We were able to split perfect 2x10's over 4' long with this method to build the walls.
    That's some great looking planking. What's a froe and how did you make those 2x's? I've got a few projects where I could definitely use some sweet lumber like that.

  10. #10
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    Quote Originally Posted by juice
    That's some great looking planking. What's a froe and how did you make those 2x's? I've got a few projects where I could definitely use some sweet lumber like that.


    That's a froe.

  11. #11
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    No...

    THAT is a fro
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  12. #12
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    you can also put shingle on 2x4's if you're worried about them slicking up, and don't have yellow cedar, woodcutting skills, or a froe
    "Don't just huck yourself: be skilled, be trained, be ready, be prepared, then give 'er." -Dylan Tremblay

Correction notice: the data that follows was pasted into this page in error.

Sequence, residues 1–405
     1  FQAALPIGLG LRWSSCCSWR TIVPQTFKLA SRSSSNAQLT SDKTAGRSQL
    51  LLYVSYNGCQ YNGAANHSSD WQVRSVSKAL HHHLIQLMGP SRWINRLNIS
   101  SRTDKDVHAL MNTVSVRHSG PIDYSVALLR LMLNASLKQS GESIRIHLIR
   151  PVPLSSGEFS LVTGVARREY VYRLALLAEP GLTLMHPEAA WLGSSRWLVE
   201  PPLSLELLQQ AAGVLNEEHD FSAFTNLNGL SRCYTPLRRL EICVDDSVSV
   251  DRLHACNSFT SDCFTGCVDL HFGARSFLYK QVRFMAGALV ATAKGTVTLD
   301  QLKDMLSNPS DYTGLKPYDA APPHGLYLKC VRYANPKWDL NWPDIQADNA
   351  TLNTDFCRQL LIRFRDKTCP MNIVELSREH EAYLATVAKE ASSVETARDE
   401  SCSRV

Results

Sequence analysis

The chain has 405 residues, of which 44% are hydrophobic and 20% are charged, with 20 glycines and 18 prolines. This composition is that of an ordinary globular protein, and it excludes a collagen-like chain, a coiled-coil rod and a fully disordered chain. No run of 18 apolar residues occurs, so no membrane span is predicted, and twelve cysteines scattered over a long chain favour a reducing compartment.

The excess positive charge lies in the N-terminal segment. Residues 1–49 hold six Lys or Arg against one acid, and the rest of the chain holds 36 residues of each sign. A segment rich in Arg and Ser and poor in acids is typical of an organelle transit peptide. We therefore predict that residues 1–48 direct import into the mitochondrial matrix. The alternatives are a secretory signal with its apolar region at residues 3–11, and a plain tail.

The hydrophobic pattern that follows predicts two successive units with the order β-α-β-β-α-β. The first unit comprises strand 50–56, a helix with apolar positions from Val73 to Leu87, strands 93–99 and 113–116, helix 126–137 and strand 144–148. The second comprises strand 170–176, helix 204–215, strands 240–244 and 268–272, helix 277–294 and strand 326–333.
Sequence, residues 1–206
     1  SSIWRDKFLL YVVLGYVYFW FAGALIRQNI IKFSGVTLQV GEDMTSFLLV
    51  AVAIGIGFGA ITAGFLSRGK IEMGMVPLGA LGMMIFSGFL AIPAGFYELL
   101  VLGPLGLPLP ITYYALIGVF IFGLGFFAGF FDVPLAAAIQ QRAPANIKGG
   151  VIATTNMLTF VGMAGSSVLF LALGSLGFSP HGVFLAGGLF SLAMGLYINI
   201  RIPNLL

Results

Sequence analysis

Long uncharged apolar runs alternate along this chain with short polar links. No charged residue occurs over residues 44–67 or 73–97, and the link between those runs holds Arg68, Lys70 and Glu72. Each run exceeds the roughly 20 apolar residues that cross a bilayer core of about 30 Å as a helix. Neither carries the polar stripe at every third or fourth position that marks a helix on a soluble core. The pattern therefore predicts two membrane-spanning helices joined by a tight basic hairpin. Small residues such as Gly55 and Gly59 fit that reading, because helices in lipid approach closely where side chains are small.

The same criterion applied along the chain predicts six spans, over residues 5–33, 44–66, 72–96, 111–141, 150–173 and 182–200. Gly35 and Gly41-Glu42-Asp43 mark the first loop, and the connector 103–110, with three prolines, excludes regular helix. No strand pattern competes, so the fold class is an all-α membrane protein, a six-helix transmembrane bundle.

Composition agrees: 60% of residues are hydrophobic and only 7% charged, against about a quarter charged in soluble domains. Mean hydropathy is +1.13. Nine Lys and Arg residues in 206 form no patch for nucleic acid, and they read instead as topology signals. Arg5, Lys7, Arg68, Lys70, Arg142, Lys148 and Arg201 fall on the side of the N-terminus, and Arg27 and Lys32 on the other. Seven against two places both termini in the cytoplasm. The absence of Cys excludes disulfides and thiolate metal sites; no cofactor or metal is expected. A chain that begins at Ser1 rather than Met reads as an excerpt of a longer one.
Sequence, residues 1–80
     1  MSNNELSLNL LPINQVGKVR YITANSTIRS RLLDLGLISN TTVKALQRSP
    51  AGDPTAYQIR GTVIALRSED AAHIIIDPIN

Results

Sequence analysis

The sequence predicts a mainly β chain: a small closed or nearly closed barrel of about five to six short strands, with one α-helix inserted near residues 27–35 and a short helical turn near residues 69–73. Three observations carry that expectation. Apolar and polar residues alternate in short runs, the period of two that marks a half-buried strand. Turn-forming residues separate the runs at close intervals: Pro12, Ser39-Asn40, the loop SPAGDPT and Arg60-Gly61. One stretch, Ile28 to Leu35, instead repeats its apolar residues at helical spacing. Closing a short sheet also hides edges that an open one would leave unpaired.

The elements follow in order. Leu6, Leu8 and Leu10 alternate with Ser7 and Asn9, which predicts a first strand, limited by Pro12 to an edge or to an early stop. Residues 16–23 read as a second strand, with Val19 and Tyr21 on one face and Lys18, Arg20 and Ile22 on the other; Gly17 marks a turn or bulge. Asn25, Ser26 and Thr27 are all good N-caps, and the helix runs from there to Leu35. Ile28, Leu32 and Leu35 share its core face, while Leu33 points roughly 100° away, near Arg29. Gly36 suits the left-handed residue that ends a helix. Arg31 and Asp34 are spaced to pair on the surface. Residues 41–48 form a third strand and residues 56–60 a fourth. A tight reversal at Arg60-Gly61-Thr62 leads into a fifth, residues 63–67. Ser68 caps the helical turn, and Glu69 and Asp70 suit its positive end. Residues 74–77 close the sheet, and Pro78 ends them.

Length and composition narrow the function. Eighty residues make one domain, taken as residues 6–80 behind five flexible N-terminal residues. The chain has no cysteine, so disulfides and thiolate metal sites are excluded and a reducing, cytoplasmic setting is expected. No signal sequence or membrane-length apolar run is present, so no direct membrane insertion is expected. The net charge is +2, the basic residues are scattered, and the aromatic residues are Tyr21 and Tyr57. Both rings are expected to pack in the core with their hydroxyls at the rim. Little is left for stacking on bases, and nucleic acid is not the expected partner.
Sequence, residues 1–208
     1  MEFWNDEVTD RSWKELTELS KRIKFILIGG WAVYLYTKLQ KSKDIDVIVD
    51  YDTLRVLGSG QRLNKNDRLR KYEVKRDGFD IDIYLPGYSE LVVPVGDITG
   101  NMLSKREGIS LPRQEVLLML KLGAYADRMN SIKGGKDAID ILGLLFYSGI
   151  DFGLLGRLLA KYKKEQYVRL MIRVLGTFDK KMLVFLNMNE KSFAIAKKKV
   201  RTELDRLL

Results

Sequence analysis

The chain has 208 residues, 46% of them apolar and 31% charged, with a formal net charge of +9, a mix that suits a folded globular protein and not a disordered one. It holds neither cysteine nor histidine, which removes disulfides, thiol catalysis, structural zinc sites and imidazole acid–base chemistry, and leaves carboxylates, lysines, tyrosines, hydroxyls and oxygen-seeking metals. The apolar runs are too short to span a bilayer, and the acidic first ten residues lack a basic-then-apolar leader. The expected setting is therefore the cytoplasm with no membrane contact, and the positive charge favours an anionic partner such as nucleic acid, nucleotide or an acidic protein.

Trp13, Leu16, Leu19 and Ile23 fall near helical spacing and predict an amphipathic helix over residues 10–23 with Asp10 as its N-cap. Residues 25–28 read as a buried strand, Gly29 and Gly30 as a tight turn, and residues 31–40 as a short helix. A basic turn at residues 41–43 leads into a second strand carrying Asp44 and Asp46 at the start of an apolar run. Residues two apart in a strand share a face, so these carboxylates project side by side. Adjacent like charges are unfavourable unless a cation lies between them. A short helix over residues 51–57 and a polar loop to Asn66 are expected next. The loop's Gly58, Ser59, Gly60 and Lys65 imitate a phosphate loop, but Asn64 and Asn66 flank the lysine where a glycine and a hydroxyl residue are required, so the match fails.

13. #13
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    Quote Originally Posted by .WestCoastHucker.
    i heard it was because it smelled good.........
    Also good for cedar-plank salmon.... mmmmm..


  14. #14
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    also keep in mind

    that wood that is up off of the ground is less subject to the effects of rot and weathering. This is mostly because it doesn't stay wet up there, no ground next to it to trap moisture, more airflow to help it dry, which also cures it more. Though you will find most lumber you buy in lumber yards, especially the cheap stuff is designed for interior, dry application, never meant to be exposed to elements for long. The biggest problem you will find is going to be dry-rotting, insect damage and warping. On the other hand, if you wanna spring the money for hard wood or cedar lumber, go for it.